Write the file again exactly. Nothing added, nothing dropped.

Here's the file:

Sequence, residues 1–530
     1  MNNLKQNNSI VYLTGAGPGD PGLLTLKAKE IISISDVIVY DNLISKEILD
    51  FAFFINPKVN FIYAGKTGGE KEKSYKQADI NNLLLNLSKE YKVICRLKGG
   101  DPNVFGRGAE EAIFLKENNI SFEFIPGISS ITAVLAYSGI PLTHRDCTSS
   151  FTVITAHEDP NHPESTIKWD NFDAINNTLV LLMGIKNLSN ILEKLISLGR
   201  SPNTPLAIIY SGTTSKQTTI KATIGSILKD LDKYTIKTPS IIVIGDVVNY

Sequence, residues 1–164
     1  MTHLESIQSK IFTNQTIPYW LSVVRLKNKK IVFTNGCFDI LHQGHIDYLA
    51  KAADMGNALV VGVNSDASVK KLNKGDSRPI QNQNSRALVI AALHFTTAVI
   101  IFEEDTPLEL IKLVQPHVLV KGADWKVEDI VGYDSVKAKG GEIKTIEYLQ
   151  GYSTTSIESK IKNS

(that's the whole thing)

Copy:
Sequence, residues 1–530
     1  MNNLKQNNSI VYLTGAGPGD PGLLTLKAKE IISISDVIVY DNLISKEILD
    51  FAFFINPKVN FIYAGKTGGE KEKSYKQADI NNLLLNLSKE YKVICRLKGG
   101  DPNVFGRGAE EAIFLKENNI SFEFIPGISS ITAVLAYSGI PLTHRDCTSS
   151  FTVITAHEDP NHPESTIKWD NFDAINNTLV LLMGIKNLSN ILEKLISLGR
   201  SPNTPLAIIY SGTTSKQTTI KATIGSILKD LDKYTIKTPS IIVIGDVVNY

Sequence, residues 1–164
     1  MTHLESIQSK IFTNQTIPYW LSVVRLKNKK IVFTNGCFDI LHQGHIDYLA
    51  KAADMGNALV VGVNSDASVK KLNKGDSRPI QNQNSRALVI AALHFTTAVI
   101  IFEEDTPLEL IKLVQPHVLV KGADWKVEDI VGYDSVKAKG GEIKTIEYLQ
   151  GYSTTSIESK IKNS